8 Basic Properties of Organic Compounds

properties of organic compound

Properties Of Organic Compounds

Organic compounds are compounds which contain carbon as the main element and it is covalently attached to other elements such as hydrogen, sulfur, nitrogen etc. Generally, organic chemistry is also called ‘chemistry of carbon’.

In daily life, we come across different organic compounds such as alkane, alkene, alkyne, alcohol, ether, aldehyde, ketone, carboxylic acid etc. Here we are discussing some basic properties of these organic compounds.

Composition – All organic compounds contain carbon. The other elements may be hydrogen, oxygen, nitrogen, sulfur or halogens. Most of the organic compounds contain covalent linkages in their molecules.

Catenation – It is a linkage of an atom of same elements to form a long chain. Catenation occurs readily in carbon. The carbon has a tendency to form a bond with another carbon atom which gives rise to long chains, branched and rings is known as catenation.

Isomerism – It is property shown by most of the organic compounds. Compounds having a same molecular formula but different structural formulae are called isomers and property is known as isomerism. Due to different structures, chemical and physical properties differ.

Polymerization – A large number of small organic molecules add up to form a high molecular weight compound called polymer. According to Britannica, polymerization is defined as ‘ a single alkene molecule, called a monomer, can add to the double bond of another to give a product, called a dimer, having twice the molecular weight.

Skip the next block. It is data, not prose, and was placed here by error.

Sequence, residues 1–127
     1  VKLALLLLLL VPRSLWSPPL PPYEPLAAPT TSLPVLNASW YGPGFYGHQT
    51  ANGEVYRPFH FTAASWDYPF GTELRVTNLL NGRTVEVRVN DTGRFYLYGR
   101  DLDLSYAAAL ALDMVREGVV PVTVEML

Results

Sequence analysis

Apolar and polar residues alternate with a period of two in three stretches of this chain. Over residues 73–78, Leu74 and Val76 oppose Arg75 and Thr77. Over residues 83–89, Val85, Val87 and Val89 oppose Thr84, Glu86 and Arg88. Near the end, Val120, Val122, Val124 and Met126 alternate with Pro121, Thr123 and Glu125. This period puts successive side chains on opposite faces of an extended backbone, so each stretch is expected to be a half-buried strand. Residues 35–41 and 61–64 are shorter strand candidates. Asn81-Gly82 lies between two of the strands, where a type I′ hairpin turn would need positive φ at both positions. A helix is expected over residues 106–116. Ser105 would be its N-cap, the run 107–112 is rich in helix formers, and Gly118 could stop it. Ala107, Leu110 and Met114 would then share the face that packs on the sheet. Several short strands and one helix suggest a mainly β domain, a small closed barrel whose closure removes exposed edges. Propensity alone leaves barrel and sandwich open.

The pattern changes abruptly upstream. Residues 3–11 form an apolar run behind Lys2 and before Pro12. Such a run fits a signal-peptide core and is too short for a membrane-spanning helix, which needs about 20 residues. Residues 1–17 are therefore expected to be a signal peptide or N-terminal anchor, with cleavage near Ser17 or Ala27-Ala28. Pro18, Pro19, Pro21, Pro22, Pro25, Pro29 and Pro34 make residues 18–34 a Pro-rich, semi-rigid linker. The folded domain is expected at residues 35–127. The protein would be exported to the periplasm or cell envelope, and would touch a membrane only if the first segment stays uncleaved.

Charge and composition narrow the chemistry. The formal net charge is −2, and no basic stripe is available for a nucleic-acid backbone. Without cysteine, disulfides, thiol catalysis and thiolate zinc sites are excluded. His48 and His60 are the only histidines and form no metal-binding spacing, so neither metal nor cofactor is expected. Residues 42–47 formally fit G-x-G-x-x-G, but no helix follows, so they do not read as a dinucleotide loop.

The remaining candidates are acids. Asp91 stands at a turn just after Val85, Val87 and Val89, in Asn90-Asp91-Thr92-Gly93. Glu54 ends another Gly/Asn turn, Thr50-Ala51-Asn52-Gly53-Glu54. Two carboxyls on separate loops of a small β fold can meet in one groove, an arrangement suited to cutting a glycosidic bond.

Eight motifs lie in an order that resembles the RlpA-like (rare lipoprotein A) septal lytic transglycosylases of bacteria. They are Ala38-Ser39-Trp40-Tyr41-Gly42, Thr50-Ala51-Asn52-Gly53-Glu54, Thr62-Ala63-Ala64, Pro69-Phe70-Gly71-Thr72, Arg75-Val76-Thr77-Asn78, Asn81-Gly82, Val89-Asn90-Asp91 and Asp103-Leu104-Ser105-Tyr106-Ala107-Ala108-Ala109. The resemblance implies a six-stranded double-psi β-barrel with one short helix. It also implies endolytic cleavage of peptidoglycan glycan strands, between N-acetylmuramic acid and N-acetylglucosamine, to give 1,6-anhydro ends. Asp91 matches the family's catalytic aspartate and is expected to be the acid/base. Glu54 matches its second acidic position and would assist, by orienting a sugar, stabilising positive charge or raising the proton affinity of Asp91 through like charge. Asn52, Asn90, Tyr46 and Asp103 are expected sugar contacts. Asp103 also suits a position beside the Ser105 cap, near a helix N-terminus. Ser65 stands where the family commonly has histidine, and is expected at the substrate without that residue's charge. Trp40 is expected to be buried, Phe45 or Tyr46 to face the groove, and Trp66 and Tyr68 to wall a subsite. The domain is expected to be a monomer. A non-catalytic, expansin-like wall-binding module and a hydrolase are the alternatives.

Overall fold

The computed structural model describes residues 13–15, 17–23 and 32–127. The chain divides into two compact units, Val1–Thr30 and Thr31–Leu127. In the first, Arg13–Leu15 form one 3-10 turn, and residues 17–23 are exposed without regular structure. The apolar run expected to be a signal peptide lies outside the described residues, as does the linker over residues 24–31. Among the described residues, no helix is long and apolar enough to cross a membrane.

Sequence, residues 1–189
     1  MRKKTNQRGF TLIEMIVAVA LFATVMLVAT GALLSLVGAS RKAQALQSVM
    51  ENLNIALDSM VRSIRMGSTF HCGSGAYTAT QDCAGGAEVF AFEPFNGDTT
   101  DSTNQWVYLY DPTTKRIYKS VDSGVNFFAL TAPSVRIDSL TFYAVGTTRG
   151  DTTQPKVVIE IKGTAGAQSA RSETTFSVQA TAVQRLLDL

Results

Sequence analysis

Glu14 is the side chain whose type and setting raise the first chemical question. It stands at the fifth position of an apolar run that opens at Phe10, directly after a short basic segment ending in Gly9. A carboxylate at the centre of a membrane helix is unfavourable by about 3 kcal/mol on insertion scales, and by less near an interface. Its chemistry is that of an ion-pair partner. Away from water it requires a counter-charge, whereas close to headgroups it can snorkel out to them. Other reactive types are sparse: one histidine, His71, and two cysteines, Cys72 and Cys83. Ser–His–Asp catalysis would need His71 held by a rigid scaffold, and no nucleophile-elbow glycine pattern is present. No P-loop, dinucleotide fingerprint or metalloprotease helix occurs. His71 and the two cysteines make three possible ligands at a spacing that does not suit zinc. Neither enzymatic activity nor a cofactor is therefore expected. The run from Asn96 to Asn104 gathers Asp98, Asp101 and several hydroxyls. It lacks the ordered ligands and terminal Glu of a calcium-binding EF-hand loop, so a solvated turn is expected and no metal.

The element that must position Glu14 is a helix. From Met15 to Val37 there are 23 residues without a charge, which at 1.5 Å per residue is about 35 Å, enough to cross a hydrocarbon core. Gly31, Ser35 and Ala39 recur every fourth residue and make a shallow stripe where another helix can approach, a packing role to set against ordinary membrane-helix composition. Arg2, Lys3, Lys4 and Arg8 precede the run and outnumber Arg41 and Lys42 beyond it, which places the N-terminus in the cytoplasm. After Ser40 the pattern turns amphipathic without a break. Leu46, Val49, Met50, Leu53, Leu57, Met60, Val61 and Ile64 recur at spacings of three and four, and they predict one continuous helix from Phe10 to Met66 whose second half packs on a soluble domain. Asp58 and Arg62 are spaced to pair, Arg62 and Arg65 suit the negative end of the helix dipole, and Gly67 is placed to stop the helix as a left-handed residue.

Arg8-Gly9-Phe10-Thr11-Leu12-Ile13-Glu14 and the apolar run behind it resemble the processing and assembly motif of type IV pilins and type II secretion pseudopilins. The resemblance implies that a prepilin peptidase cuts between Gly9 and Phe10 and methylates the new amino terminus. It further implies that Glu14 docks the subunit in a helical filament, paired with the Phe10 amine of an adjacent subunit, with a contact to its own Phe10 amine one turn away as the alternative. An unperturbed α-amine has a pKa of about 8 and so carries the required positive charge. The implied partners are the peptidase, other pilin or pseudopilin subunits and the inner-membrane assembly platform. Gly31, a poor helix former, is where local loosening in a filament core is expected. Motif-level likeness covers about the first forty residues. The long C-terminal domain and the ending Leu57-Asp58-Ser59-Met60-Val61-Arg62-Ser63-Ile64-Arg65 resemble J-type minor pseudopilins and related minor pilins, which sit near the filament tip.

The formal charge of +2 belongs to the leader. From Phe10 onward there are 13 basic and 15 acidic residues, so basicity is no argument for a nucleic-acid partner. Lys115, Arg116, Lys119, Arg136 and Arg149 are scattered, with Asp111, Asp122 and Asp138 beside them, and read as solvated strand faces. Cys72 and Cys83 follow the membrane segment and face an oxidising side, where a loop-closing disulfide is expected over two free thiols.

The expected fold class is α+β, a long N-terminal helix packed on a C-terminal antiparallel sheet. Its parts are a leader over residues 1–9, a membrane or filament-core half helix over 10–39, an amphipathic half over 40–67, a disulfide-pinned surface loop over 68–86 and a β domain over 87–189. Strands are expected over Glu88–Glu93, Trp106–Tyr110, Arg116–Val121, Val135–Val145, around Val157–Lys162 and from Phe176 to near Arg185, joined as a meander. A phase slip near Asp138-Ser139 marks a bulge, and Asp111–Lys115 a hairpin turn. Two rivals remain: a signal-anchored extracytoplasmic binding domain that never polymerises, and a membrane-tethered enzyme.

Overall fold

Functional group – An atom or a group of an atom that determines the chemical properties of organic compounds is called a functional group. -OH (hydroxyl group), -COOH (carboxylic group), -NH2 (amine) are some examples of the functional group.

Combustibility – Most of the organic compounds are combustible in nature. They are more combustible than inorganic because an organic compound contains carbon, hydrogen etc. elements, which are highly combustible.

For example – when ethene burns in the presence of oxygen, carbon dioxide and water are formed.

C2H4 + O2 → 2CO2 + 2H2O

When any hydrocarbon burns in excess air or oxygen, products are carbon dioxide and water as well as a large amount of heat. In the absence of excess oxygen, incomplete combustion also produces CO and C (carbon black). According to a paper published in analytical chemistry in March 1965, aromatic hydrocarbons produced during combustion of simple aliphatic fuels.

Solubility – There is a simple rule in general chemistry ‘like dissolves like’. Non-polar substances dissolve in non-polar solvents such as alkane where polar molecules dissolve in polar solvents like water or alcohol.

Melting points and boiling points – It depends on intermolecular bonding between molecules. Consider larger molecule, it will have a larger surface area for van der Waals interaction and hence melting point and boiling point will be higher.

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